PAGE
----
Understanding why time seems to speed up under certain conditions could reveal when we really feel responsible for our actions.
Sara Lorimer, Queen's University Belfast
We’ve all been there: waiting for a boring meeting to finish or for a bus to arrive and time just seems to drag on far more slowly than usual. Yet our most enjoyable moments seem to whizz by at lightning speed. It seems obvious that more boring events appear to take longer than the ones that stimulate us. But there’s another reason we sometimes experience time differently.
If we understand what causes an event or we cause it ourselves, the time between the cause and its effects seems to be shorter than an event we have no control over. This phenomenon, known as temporal binding, can help us uncover some important truths about the relationship between cause and effect and whether or not we are really responsible for different actions.
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Temporal binding works in a curious way. The cause of an event seems to be shifted later in time towards its effect, which in turn is shifted backwards in time towards the cause. From our perspective, the two events are drawn in towards each other, essentially bound to one another in time.
Patrick Haggard and his colleagues at UCL were the first to come across this phenomenon. They asked volunteers to press a button that produced a sound after a short delay. The volunteers found the action of pressing the button and the consequence of the sound seemed to happen closer together in time than when they weren’t responsible for pushing the button.
The same effect didn’t occur when the tone came after an involuntary muscle twitch (caused by stimulation to the brain), or after another tone following the same delay. So the researchers referred to the phenomenon as “intentional binding” as they believed that it was the person’s voluntary involvement (and so their intention to act) that bound the action and consequence together in time. Because of this, the phenomenon was quickly seen as a new way of assessing how much people feel in control in certain situations without having to actually ask them.
Recently, researchers have even applied temporal binding to the famous Milgram electric shock experiment to see if people feel responsible for actions they have been coerced into doing. Milgram’s original experiment involved instructing participants to administer electric shocks to each other in order to see if people would obey an order that caused harm.
In control of time. Credit: pixabay.com
Haggard used a similar setup but also asked participants to estimate the time between when they pressed the button that caused the shock and the time when the shock was administered. The researchers found that when the participant was coerced into giving an electric shock they experienced the time between their action and the outcome as longer than when they choose to act voluntarily.
Based on this, the researchers concluded that when someone is coerced into doing something they feel less in control or less responsible for their own actions than when they carry out actions voluntarily. This has fascinating implications for situations such as war crimes trials, where defendants often claim they were simply obeying orders and so aren’t responsible for their actions.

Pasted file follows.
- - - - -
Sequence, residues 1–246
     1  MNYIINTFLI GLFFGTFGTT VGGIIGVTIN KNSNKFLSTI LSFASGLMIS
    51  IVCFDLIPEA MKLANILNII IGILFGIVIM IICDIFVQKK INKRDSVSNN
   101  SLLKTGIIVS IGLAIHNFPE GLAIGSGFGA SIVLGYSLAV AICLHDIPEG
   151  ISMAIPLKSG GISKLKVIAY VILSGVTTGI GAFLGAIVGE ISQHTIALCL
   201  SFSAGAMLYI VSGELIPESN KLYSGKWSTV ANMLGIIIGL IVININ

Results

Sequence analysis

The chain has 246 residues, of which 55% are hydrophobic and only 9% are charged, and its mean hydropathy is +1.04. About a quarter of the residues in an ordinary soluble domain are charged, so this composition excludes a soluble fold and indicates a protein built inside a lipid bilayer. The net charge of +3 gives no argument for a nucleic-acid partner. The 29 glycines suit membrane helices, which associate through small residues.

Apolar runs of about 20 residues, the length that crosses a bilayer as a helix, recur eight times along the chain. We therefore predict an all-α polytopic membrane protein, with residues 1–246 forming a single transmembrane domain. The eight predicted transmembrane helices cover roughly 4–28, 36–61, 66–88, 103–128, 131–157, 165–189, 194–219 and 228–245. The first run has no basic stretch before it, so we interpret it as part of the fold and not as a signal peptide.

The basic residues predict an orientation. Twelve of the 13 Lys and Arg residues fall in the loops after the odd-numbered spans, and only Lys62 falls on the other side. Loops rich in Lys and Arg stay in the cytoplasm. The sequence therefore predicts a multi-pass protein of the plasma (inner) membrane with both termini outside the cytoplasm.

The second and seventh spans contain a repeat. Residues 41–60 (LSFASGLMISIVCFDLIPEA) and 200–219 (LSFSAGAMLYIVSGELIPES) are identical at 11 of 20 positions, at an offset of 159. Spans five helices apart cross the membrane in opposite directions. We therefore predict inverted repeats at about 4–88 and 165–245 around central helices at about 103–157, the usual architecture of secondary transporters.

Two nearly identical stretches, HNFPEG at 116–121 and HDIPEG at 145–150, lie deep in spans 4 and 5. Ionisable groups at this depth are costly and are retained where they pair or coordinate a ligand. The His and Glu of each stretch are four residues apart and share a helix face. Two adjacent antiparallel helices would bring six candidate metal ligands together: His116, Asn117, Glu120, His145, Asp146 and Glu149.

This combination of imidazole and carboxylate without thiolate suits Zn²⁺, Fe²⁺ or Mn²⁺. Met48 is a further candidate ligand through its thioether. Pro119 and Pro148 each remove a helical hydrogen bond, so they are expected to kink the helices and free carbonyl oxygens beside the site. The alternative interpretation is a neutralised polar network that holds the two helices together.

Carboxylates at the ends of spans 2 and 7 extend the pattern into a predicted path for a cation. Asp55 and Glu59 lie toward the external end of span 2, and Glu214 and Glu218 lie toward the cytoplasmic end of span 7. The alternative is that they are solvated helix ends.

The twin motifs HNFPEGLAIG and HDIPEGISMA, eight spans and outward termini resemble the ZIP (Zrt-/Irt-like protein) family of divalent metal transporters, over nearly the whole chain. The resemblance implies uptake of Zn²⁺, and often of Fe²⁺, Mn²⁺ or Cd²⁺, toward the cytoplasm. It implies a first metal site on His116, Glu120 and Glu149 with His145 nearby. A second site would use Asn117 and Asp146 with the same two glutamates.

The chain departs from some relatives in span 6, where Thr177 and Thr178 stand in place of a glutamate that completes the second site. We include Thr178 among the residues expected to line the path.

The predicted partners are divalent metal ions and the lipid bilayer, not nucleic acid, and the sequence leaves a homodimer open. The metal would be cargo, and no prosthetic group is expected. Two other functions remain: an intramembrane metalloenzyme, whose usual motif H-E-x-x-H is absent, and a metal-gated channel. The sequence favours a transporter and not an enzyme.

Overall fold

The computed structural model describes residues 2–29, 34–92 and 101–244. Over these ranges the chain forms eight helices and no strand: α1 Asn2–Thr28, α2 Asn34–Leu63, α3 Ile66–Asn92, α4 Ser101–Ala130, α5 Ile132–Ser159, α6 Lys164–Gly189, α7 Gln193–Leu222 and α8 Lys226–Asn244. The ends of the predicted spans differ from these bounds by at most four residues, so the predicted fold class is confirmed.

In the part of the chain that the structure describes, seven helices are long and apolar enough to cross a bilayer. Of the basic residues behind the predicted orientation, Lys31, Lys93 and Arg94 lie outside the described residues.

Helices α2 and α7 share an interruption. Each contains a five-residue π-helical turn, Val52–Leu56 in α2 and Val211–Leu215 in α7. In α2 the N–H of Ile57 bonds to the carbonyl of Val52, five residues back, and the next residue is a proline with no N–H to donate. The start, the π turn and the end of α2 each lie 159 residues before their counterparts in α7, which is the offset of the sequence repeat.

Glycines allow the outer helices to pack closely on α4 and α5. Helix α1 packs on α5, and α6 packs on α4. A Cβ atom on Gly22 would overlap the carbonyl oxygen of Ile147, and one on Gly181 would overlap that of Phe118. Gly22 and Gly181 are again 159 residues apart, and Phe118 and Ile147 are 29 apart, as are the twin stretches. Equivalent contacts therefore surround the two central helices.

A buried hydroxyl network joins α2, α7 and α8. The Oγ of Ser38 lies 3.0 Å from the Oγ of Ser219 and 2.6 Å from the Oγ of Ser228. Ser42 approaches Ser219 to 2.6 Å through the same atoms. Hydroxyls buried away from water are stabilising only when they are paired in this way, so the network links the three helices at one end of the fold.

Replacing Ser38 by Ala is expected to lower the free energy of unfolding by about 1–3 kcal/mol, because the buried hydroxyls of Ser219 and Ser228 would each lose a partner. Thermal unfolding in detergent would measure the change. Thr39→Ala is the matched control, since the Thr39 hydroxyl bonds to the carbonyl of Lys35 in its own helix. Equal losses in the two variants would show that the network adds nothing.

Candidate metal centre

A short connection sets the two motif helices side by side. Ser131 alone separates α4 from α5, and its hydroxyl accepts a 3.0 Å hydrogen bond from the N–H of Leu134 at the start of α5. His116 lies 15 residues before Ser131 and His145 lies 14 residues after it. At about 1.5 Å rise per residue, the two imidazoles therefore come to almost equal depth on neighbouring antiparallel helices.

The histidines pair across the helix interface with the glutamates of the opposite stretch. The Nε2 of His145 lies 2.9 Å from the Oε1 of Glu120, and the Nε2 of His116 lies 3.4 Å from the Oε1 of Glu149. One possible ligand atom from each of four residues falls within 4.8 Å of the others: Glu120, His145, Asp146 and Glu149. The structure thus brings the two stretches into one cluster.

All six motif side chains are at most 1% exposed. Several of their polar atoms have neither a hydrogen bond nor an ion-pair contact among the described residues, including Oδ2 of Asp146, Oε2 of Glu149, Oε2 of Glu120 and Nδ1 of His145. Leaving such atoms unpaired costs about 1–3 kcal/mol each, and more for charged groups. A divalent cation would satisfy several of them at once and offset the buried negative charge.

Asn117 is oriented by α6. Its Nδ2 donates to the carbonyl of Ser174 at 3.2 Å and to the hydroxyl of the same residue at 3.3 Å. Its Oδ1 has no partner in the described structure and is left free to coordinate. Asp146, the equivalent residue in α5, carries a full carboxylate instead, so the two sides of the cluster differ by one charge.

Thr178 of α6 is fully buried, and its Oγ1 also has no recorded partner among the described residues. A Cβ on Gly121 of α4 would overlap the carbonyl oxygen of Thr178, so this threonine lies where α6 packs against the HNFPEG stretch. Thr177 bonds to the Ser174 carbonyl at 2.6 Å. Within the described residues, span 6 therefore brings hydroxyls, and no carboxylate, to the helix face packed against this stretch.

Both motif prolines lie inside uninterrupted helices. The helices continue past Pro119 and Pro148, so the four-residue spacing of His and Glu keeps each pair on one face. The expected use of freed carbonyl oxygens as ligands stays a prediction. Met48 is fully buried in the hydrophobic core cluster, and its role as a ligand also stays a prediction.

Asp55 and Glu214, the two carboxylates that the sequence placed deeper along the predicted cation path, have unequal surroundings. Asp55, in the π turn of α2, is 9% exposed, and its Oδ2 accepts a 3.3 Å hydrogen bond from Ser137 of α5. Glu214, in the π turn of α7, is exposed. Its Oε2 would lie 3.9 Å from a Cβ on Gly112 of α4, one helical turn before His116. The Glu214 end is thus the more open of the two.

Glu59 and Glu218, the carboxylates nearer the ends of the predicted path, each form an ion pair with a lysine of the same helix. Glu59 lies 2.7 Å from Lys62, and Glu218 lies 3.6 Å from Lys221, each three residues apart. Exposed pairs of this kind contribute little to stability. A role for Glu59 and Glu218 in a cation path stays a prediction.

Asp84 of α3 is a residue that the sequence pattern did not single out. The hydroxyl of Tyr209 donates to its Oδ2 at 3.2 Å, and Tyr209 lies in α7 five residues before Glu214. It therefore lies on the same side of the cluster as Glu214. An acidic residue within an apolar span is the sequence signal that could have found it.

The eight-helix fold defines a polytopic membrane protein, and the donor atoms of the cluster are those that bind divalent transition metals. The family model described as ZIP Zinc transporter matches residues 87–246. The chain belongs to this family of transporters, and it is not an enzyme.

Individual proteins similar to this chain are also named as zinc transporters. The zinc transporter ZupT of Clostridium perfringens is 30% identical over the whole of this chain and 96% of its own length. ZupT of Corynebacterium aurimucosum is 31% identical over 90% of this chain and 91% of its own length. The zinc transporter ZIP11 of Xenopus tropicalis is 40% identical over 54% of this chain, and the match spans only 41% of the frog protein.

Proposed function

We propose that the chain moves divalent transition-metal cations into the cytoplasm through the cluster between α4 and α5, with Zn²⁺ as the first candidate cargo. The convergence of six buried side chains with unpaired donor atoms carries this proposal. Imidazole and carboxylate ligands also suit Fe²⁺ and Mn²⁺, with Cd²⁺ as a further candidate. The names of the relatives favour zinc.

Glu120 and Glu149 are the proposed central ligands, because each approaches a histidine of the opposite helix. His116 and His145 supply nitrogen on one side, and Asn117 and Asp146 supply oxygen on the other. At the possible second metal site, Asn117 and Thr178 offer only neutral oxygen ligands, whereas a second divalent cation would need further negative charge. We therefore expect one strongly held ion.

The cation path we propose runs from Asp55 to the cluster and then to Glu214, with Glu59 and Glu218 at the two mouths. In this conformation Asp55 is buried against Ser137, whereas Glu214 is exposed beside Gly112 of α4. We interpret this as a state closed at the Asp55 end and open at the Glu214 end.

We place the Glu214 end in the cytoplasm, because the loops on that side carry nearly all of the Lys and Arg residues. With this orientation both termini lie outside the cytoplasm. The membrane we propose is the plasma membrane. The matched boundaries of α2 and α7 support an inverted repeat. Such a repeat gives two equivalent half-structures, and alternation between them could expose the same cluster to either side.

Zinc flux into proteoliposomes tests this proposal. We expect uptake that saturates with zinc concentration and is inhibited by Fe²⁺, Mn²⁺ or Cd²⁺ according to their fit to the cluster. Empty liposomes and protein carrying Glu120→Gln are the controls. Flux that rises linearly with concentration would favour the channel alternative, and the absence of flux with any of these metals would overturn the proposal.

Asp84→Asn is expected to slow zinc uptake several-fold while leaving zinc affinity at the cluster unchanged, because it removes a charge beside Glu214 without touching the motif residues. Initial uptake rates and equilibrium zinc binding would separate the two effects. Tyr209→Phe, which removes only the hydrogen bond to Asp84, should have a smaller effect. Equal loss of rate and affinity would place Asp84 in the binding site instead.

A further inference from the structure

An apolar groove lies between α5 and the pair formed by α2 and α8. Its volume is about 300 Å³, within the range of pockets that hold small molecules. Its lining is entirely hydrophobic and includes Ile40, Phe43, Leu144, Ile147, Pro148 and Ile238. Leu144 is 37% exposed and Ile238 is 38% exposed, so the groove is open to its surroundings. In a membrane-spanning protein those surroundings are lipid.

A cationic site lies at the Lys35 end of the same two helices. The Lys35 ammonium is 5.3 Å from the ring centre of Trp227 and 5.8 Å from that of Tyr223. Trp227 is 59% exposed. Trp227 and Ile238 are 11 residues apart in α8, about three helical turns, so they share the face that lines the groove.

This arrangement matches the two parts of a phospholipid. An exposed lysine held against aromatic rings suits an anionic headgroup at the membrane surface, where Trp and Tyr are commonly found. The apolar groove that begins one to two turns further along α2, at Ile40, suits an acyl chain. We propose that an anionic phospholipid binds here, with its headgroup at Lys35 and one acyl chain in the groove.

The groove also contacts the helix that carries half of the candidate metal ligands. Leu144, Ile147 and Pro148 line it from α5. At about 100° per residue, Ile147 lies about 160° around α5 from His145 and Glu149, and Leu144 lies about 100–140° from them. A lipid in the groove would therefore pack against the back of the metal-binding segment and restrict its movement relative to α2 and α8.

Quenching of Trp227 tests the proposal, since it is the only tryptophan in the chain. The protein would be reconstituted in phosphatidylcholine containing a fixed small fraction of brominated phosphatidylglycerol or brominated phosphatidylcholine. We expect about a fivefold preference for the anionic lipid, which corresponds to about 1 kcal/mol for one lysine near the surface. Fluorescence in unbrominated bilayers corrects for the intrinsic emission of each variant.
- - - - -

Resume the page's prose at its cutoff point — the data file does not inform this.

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Temporal binding has also been used to study medical conditions and produced some interesting results there too. Researchers have found that people with schizophrenia experience greater temporal binding than those without the condition. This suggests sufferers feel an exaggerated sense of control over the outcome of their actions, which may help explain why they delusionally believe they have control over things that they could not be plausibly responsible for.
Cause not control
Although temporal binding has been quickly adopted as a way of measuring feelings of control and responsibility, Marc Buehner at Cardiff University has shown that this effect is more likely to be about causal relationships. Buehner found that we experience binding when we simply observe one thing causing another, even when we aren’t directly responsible for it. For example, when a mechanical lever presses a button that then produces a sound.
This essentially shows that our experience of time can be influenced and shaped by our beliefs about cause and effect. Binding is still greater when there is human action involved, but this is likely due to human action and consequence simply being a special type of cause and effect.
An interesting suggestion is that binding occurs as a way for us to learn about the world. Perhaps we parcel up events that are related to one another to help us more clearly understand how the world works, how things relate to one another and how our actions impact the world around us. To test this theory, researchers at Queen’s University, Belfast and Cardiff University are in the process of looking at how children experience binding. Perhaps children experience greater binding as a way of efficiently learning about a world that they have less understanding of than adults.
On the other hand, children may experience binding to a lesser extent than adults because they may simply be less able to select and use information from their environment. Alternatively, binding may be steady throughout our lives and reflect an inbuilt and unchanging way of experiencing and learning about the world. Whatever the outcome, this research could provide us with invaluable information about how we learn about the world.
Sara Lorimer, Doctoral Candidate, Psychology, Queen's University Belfast
This article was originally published on The Conversation. Read the original article.